In fact, the Israeli experience, contrary to the assertions of my correspondents, constitutes the closest thing we have to a laboratory experiment for testing the claims of those who would expand the role of women as the Army is trying to do.
Contrary to common contention, Israel does not currently allow women in combat–they’ve been banned since 1948. But they have a history of integrated fighting there that we can learn from.
During the period of the British Mandate for Palestine, Palestinian Jews formed an elite, semi-clandestine, volunteer youth organization called Palmach. During Israel’s War of Independence, Palmach served as the core of Haganah, the forerunner of the Israel Defense Force (IDF).
The ideology of Palmach was egalitarian socialism, and according to the Israeli military historian Marin Van Creveld, the organization “was sexually integrated to an extent rarely attained by any armed force before or since.” Van Creveld writes that before Israeli independence, Palmach women accompanied men on missions, especially “undercover missions that involved obtaining intelligence, transmitting messages, smuggling arms, and the like.”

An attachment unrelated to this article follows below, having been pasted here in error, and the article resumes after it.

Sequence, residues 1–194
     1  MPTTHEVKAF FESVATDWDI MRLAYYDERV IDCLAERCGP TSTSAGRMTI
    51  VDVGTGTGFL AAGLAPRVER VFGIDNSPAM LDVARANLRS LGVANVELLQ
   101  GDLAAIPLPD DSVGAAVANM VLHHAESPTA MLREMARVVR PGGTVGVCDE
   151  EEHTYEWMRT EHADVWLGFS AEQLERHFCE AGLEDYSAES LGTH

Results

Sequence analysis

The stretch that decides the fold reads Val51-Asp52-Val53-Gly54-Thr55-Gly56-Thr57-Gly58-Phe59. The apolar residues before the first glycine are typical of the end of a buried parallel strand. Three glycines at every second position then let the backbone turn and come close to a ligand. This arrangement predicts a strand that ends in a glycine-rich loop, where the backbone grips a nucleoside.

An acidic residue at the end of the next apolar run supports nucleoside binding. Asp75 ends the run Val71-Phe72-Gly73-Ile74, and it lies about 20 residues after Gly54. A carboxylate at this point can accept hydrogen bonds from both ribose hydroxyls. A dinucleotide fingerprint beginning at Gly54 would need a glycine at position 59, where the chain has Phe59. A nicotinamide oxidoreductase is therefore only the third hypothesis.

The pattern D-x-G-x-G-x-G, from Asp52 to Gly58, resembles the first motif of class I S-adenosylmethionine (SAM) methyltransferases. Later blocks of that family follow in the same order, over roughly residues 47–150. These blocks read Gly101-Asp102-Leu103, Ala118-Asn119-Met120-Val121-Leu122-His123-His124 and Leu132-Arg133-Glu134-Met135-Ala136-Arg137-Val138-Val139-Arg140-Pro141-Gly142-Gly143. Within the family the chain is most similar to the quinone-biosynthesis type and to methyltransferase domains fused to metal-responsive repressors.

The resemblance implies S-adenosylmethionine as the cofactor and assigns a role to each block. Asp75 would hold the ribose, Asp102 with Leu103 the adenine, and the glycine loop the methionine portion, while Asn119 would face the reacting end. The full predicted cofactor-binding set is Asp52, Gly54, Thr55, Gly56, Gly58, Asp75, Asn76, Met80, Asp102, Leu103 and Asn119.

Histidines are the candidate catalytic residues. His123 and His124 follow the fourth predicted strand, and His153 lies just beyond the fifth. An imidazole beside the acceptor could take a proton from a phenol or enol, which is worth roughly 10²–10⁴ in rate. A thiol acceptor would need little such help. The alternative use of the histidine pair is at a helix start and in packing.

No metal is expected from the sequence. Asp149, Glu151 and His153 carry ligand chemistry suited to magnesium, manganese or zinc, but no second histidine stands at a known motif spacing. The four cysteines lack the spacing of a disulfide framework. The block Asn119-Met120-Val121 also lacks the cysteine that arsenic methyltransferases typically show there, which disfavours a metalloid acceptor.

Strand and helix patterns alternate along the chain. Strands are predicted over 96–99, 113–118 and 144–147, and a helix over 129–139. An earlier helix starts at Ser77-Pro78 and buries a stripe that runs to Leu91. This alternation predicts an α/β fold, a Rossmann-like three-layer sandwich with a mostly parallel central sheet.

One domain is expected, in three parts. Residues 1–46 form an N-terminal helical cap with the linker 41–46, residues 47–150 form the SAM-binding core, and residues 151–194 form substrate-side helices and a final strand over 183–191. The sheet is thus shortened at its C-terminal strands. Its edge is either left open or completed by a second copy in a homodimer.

Despite Palmach’s ideological commitment to radical equality for women, the practical experience of the 1948 war–which involved coordinated, combined arms-offensive actions–convinced the leaders of Israel and the IDF that the dangers of women in combat outweighed the benefits–including commitment to an abstract concept of equality between the sexes. For one thing, according to the late Israeli Defense Minister Moshe Dayan, women reduced the combat effectiveness of Haganah units because men took steps to protect them out of “fear of what the Arabs would do to [the] women if they captured them.”
The Israeli case demonstrates that, at least in the past, when confronted by great danger, reasonable people can sacrifice ideology to the dictates of nature. In other words, nature trumps attempts at human engineering.